WHAT IS THE PANTONE MATCHING SYSTEM?

The Pantone Matching System (PMS) is a color reproduction standard in which colors all across the spectrum are each identified by a unique, independent number. The use of PMS allows us to precisely match colors and maintain color consistency throughout the printing process.

WHY DO THE PRINTED COLORS LOOK DIFFERENT THAN THE COLORS ON MY SCREEN?

In short, printers and monitors produce color in different ways. Monitors use the RGB (red, green, blue) color model, which usually supports a wider spectrum of colors. Printers use the CMYK (cyan, magenta, yellow, black) color model, which can reproduce most—but not all—of the colors in the RGB color model.

Depending on the equipment used, CMYK generally matches 85–90% of the colors in the RGB model. When a color is selected from the RGB model that is out of the range of the CMYK model, the application chooses the closest matching color. Programs like Adobe Photoshop will allow you to choose which color will be replaced; others may not. We’ll provide you with a sample print right before we print your job to ensure a "what-you-see-is-what-you-get" final product.

COMMON PRINTING TERMS

BIND: To fasten sheets with wire, thread, glue, or by any other means.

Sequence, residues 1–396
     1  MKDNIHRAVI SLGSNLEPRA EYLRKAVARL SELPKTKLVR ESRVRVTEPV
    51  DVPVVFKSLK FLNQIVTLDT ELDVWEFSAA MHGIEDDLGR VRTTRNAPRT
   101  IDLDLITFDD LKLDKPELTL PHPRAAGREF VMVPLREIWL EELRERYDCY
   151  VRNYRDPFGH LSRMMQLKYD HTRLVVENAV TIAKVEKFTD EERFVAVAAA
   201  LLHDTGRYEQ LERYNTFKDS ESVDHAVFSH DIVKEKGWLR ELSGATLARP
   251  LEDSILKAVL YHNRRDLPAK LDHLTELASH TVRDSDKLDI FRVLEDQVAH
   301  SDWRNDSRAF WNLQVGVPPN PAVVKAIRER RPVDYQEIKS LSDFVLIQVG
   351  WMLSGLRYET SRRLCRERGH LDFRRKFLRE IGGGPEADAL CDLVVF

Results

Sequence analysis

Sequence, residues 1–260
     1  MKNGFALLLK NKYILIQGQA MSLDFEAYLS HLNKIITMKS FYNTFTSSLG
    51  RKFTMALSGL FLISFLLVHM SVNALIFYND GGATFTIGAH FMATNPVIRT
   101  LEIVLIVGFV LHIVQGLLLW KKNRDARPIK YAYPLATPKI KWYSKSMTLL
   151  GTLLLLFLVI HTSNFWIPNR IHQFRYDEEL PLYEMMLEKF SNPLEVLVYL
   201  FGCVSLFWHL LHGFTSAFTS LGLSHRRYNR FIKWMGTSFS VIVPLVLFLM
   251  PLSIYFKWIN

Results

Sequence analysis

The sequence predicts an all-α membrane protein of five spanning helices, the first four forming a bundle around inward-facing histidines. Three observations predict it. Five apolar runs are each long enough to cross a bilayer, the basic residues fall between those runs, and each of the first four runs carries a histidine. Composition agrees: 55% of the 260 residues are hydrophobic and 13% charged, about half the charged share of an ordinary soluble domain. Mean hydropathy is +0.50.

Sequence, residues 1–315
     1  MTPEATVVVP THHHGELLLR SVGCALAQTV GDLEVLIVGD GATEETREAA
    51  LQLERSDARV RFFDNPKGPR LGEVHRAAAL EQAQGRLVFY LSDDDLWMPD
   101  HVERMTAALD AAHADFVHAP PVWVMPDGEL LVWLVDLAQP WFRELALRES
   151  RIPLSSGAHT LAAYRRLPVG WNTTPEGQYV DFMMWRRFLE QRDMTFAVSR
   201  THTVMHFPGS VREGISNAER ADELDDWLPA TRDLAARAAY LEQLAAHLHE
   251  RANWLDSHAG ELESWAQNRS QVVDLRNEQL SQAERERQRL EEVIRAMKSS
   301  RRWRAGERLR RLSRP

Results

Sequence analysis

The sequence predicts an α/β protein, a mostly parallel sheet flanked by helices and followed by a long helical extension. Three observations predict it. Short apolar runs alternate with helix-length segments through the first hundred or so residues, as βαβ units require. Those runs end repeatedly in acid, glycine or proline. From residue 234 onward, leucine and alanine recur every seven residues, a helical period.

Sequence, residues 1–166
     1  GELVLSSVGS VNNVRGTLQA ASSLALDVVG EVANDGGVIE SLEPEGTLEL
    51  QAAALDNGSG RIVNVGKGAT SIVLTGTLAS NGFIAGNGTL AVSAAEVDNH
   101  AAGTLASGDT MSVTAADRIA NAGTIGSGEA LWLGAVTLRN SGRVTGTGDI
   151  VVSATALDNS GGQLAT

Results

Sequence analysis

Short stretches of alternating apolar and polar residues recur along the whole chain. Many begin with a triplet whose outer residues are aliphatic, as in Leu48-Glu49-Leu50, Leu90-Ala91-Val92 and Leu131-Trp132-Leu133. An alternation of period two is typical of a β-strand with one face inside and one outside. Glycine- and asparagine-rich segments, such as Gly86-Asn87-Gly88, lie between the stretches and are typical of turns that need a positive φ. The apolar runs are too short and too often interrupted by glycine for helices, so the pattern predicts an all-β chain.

BINDING: A name given for any of many procedures used to put pages together.

BLEED: Printing that goes to the edge of the sheet. Trimming is required to make the printing run to the edge of a sheet.

CAST-COATED: Coated paper with a high- gloss reflective finish.

COATED PAPER: Paper with a clay or other coating applied to one, or both, sides. The coating can be dull, gloss, matte, or a number of other finishes. Coated paper generally produces sharper, brighter images and has a more refelctive quality than uncoated paper.

COLLATE: To put pages in a certain order for binding.

COLOR CORRECTION: Methods of improving color separations and definition.

COVER PAPER: A heavy printing paper primarily used to cover books or make presentation folders.

SIDE-STITCHING: Stapling through the spine from front to back. The publication will not lay flat when opened.

 

CROP: To trim a picture, image, or printed sheet.

CROP MARKS: Printed lines showing where to trim a printed sheet.